A successful print campaign for diesel is based on the premise of bizarre market research conducted by the company.

It uses emotion in that it makes us smile, but the humor is carefully modulated. If we think about it enough, we can figure out that it’s meant to make diesel users look like knowing, savvy people, far too intelligent to be fooled by the ludicrous methods of the marketing world.

There’s emotion there, but it’s a far cry from the toned sexuality of Nick Kamen sitting in his underwear for Levi’s in the mid-1980s.

Another development is that some brands have successfully adopted a much less predictable approach to using emotion.

Their tonality is not one-dimensional, or necessarily consistent, but somehow all feels as if it’s all coming from the same place.

The voice of the defining modern brand is not mono, stereophonic or even quadraphonic: it’s polyphonic, like that new church organ-like ringbone on your mobile phone.

It’s a carefully arranged collection of emotional triggers that keeps you engaged, and adds up to a complex personality that feels real and interesting.

Everywhere you look, there is evidence of the search for authenticity, massively demonstrated over the last few years by the demand for retro and vintage clothing, polyphonic brands often feel more authentic because they feel more like real people, with a variety of moods and ways of talking.
The mother of all polyphonic brands is Nike, which has encompassed an astonishing diversity of emotions in its advertising while still talking in an inimitably Nike way.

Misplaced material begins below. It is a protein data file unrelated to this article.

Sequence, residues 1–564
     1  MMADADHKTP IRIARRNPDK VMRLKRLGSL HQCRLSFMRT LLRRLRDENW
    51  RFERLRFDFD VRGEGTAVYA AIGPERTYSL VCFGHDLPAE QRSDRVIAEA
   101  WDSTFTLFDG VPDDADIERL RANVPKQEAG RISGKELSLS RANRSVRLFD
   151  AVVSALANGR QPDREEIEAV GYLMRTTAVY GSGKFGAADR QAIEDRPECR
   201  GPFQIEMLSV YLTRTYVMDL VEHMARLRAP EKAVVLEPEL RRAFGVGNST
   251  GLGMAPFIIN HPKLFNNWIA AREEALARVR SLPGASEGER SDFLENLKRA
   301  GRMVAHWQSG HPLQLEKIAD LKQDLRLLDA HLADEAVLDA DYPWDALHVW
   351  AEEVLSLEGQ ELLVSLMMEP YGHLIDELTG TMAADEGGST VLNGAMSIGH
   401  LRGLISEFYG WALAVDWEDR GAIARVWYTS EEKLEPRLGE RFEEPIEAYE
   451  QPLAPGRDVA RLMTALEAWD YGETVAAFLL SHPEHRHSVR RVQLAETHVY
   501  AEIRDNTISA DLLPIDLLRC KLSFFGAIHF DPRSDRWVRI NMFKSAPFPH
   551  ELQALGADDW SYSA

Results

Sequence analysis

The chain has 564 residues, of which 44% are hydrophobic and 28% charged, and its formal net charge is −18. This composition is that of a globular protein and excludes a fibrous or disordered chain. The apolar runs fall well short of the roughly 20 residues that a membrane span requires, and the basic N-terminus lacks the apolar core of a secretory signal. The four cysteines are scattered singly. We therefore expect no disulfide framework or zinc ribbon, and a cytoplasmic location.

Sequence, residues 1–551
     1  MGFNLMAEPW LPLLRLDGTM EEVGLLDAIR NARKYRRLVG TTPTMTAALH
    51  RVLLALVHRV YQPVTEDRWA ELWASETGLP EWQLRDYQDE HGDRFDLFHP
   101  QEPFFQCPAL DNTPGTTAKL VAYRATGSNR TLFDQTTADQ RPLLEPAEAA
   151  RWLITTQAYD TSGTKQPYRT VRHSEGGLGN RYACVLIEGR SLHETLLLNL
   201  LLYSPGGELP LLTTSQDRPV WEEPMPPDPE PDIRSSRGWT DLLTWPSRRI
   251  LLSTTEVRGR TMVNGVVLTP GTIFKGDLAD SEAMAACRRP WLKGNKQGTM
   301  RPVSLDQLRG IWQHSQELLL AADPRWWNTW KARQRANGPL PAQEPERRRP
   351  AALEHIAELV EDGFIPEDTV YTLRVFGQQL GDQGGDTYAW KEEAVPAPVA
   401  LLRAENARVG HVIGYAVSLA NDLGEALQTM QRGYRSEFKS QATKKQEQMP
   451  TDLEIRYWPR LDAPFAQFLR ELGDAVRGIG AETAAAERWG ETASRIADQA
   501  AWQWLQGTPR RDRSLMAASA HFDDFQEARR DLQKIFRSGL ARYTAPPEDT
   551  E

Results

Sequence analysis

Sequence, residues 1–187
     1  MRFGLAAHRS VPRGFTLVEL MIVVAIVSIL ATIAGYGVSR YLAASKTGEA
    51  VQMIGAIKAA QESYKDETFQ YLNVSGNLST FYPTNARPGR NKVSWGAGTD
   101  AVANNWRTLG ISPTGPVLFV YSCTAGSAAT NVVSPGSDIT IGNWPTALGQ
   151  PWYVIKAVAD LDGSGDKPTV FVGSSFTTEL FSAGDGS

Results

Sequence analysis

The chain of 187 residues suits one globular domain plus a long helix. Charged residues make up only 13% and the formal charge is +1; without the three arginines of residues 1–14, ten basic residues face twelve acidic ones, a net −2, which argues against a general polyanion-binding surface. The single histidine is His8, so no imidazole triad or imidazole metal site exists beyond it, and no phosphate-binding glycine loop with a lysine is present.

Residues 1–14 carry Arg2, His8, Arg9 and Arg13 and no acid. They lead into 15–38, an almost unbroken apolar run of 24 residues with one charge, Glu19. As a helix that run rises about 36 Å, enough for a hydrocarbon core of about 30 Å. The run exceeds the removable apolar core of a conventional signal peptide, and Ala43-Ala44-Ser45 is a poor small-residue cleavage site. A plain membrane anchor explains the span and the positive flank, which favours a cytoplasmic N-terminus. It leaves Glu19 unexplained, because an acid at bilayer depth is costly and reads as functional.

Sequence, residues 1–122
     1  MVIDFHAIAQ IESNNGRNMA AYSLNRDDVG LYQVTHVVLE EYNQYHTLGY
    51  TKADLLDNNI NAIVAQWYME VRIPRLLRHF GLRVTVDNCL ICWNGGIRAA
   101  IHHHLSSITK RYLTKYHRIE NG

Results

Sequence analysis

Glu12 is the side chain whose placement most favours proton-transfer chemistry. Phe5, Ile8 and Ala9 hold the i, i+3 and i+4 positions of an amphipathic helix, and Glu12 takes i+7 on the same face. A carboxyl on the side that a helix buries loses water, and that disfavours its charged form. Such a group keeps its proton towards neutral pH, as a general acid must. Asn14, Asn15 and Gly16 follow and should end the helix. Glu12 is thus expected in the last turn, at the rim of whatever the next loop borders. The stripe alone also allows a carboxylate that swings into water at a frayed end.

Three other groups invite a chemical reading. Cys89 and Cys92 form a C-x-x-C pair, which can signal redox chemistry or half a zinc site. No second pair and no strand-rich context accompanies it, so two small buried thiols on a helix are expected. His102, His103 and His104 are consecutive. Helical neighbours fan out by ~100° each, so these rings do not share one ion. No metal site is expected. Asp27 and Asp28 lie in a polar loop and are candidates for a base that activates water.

Raw excitement, tear-jerking inspiration, sophisticated and unsophisticated humor, tranquil beauty, and sheer irreverence have all played a part in Nike communications over the years.

Yet, generally, you know when it’s Nike talking to you and not someone else. There is a clear underlying attitude that has been imitated by many, but never consistently captured by any other brand.

This raises interesting questions for advertisers. How can they manage the process of developing a powerful polyphonic brand, which generates strong relationships by many, but never consistently captured by any other brand.

This raises interesting questions for advertisers. How can they manage the process of developing a powerful polyphonic brand, which generates strong relationships by using a rich palette of emotions?

The best way, of course, is if those who work with the brand have an instinctive understanding of what the brand really stands for.

Nike’s powerful voice has not been formed primarily by any single brand manual that dictates the emotional tone of the brand’s contact with consumers.

Instead, there is a hugely strong corporate culture built in part by an amazing oral tradition, which gives people who work at or for Nike a pretty good chance to get what Nike is about.

Powerful emotional advertising for a brand tends to emerge when people feel what the brand is about, rather than do it by the manual.

It’s a lot easier for this to happen when the corporate culture, the emotional heart of the company, clearly contains an essence that real people find appealing.

Otherwise we may end up as Scott Bedbury puts it, “putting lipstick on a pig.” In recent years fewer advertising people have promised that advertising can solve every problem, and more stress has been put on the need to develop the right internal culture as well as the right communications.

But what if the company is still a little pig-like? After all, most companies are really not that interesting to ordinary people, and many still carry a hint of curly tail.

Not every corporation can be as intuitive as Nike, Virgin or Diesel, but they still need to build storing, emotional bonds with their customers.

One response to this task is when a group of those working with the brand come together for a session to try and capture its emotional essence.

In days gone by, this might have entailed going to a nice hotel in the countryside, decompressing, bonding and generally getting into a suitable state of mind.